When getting your tattoo, it’s worthless having a good design unless you have an artist who can execute it well. It’s important to look around at different shops and consider who you think could do it best. For example, if you want a Japanese style tattoo, find someone who specialises in this! Most artists nowadays have social media and Instagram pages where they’ll share their work, so check it out before you choose them. You’re paying someone to permanently mark your body, so think it through!
Another top tip is to search the artist on Facebook or google, as this will show any bad work from reviews that they can’t hide.
Preparing in Advance
Before the day of your tattoo, make sure you avoid alcohol or blooding thinning medicines like aspirin, if not essential. Try and pack everything you’ll want for the day, if you’re going to be there a while, to not keep your artist waiting. Sugary foods are especially great to bring with you as they can help keep your energy up. Because of the force and pain you’re experiencing, lots of adrenaline is used up and so can leave you feeling drained.
Make sure to say if you need a break during- your artist wont mind! Your well-being is in their best interest, so they won’t frown upon this if you need it.
When you get to the shop and your artist sets up, make sure that all needles are from unopened disposable packets. If you even feel uneasy and doubt their hygiene then leave. A deposit is not worth worrying about compared to the damage your health could take. If you feel wrongly treated, you can always flag it as a dispute!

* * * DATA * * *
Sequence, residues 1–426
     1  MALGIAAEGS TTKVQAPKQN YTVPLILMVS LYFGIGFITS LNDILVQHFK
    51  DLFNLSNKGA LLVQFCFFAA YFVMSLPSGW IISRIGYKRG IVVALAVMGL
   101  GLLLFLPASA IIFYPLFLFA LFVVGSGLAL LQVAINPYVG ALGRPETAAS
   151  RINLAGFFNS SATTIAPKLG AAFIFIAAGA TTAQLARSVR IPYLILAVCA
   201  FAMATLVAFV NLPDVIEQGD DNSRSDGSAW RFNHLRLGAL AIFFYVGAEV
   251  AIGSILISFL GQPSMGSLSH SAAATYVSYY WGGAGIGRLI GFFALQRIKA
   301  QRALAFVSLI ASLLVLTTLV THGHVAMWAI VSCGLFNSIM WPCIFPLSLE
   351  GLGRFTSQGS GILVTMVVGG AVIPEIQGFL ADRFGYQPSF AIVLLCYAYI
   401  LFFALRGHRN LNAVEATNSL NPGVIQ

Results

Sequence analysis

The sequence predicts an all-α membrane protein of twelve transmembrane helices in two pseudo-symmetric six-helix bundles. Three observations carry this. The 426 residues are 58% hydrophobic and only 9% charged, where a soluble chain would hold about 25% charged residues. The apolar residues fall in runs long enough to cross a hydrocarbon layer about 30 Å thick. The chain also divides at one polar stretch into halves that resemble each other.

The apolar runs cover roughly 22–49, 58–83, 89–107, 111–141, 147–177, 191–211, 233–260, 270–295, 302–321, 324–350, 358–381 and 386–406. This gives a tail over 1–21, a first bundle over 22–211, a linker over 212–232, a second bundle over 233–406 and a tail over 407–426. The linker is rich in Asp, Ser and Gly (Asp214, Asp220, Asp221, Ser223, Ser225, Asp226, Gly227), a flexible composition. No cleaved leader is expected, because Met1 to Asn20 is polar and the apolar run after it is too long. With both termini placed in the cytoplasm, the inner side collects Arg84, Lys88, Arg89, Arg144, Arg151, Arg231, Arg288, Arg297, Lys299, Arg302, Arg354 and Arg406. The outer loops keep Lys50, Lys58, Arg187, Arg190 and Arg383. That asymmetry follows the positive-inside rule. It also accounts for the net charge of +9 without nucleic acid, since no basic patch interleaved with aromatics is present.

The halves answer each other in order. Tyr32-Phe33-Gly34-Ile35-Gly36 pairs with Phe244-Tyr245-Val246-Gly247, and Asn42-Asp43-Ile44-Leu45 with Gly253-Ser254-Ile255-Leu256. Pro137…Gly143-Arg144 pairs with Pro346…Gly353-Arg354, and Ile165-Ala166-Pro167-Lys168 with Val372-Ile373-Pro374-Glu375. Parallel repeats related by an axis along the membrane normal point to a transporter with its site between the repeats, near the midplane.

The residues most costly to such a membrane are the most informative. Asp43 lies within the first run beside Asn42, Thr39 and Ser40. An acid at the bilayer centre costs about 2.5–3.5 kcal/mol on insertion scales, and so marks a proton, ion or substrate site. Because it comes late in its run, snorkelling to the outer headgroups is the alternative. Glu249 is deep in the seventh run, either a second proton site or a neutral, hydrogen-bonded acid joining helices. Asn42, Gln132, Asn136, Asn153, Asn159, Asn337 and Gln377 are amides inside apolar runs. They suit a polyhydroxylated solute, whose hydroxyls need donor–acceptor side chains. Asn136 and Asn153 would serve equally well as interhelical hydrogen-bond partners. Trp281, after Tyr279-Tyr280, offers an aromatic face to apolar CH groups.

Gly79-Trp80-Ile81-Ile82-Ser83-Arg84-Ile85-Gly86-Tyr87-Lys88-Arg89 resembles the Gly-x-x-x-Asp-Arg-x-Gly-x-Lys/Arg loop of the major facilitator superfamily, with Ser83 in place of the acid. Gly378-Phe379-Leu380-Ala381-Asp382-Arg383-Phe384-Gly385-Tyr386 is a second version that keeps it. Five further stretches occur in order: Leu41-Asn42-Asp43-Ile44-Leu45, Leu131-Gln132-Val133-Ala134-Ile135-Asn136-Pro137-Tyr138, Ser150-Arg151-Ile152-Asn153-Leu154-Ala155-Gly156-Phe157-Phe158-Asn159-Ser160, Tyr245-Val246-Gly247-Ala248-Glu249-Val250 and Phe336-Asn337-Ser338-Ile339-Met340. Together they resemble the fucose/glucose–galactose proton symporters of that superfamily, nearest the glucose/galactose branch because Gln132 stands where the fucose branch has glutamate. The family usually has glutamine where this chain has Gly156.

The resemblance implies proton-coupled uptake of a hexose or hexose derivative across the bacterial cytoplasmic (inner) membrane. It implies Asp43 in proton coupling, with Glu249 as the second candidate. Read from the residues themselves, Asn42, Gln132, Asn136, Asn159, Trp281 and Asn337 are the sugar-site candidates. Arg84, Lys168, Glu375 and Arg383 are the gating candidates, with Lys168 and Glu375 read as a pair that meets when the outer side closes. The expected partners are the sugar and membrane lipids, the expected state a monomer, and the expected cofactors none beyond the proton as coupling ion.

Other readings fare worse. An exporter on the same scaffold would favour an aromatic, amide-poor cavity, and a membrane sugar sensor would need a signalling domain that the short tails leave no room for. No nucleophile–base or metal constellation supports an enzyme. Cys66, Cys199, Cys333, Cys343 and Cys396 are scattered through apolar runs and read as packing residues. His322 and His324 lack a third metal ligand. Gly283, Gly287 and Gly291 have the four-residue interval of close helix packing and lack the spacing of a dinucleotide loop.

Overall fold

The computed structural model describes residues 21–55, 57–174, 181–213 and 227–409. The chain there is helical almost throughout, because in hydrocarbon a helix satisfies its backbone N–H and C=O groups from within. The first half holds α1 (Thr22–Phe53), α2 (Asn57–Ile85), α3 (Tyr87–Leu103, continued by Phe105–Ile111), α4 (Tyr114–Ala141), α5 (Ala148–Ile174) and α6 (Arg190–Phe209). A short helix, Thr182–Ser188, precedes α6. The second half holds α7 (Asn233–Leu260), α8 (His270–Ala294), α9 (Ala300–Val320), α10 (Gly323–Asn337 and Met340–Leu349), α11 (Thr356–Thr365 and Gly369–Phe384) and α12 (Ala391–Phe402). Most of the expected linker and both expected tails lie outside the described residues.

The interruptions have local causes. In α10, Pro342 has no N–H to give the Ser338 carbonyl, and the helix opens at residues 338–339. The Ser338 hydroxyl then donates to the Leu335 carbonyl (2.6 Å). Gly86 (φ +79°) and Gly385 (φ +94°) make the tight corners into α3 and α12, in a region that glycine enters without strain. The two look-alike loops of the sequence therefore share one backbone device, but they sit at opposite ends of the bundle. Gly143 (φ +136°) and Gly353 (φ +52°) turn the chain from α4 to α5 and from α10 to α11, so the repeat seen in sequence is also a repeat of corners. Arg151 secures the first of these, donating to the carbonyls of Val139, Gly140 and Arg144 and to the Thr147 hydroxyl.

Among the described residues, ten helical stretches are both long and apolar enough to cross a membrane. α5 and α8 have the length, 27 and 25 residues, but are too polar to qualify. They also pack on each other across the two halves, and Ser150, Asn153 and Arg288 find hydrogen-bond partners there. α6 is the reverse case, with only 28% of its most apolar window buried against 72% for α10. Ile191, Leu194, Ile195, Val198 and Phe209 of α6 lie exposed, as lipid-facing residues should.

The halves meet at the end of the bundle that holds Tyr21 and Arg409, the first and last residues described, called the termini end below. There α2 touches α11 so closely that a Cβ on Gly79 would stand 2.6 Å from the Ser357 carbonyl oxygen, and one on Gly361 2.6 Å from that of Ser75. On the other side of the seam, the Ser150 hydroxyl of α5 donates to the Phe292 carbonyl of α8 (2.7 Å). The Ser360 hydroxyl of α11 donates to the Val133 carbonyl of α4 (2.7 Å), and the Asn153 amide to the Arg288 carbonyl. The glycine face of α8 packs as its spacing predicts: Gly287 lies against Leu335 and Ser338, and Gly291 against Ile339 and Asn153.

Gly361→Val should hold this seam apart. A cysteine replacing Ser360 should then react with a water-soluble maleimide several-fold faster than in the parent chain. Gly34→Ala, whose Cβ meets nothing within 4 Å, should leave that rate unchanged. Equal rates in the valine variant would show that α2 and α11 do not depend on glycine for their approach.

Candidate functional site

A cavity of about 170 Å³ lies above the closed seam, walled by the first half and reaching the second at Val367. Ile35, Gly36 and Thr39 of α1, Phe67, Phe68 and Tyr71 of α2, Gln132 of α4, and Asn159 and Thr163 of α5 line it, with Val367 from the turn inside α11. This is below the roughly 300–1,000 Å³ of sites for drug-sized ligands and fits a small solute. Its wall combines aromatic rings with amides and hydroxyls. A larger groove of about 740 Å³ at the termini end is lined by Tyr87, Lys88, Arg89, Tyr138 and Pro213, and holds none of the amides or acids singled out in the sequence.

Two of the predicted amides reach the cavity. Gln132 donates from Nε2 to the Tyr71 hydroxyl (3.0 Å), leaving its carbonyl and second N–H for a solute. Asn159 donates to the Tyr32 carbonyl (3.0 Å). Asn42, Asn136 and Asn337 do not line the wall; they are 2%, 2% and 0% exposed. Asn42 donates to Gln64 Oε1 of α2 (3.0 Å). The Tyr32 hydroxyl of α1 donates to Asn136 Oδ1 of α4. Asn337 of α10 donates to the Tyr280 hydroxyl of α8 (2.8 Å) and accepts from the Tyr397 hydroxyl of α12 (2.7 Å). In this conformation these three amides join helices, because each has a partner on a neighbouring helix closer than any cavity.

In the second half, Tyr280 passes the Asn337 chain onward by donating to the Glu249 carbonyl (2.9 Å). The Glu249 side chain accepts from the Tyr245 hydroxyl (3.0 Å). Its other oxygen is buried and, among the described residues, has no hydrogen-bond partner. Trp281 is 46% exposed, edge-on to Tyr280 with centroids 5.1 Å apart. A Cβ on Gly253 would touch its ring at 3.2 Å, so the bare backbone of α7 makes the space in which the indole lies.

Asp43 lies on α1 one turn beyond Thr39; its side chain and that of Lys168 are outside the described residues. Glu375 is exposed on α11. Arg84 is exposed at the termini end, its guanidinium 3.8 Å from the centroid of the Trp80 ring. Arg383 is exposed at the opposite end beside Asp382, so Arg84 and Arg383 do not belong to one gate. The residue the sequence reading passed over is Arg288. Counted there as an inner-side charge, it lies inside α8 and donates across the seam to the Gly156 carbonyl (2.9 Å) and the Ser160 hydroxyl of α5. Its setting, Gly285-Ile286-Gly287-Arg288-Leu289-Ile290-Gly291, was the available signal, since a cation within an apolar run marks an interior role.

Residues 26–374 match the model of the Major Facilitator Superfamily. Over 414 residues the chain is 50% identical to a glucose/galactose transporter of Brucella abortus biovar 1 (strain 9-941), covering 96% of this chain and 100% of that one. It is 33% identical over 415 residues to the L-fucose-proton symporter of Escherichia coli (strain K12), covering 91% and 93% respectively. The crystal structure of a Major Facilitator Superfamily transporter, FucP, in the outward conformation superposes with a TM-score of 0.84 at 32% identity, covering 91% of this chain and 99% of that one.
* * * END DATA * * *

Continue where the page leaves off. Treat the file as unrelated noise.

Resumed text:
Another great tip could be to take a small blanket or pillow. Sitting on a tattoo bed for hours can be rather uncomfortable after a longer period of time and definitely aren’t always the warmest of places. If doing so, however, try and clean this beforehand as you want everything involved to be as hygienic as possible.
When it comes to aftercare, also, there’s no right way that suits everyone. Listen to your artists advice and ensure you keep it clean and wrapped whenever in a dirty environment. When applying cream, you also need to make sure to keep it moist, but not wet, as this can cause just as much damage to your ink.
Finally, never pick at your tattoo scabs! Doing so will remove the ink with it and take away ink from the full design.
Final Tattoo Thoughts
We hope you have found something to suit you among these images and are up for getting your new ink!
When getting a new tattoo it’s important to know the meanings and history behind what you’re getting. While tattoos do look stunning, they often have great significance behind them! Especially in the case of the geisha, where there is a cultural background in Japan surrounding them. Therefore, we hope you have learnt something new here too!
Let us know in the comment section if any of these inspired you to get your own geisha, or even if you’ve seen geisha on a holiday trip. And if this hasn’t satisfied your tattoo cravings enough, check out one of our previous articles!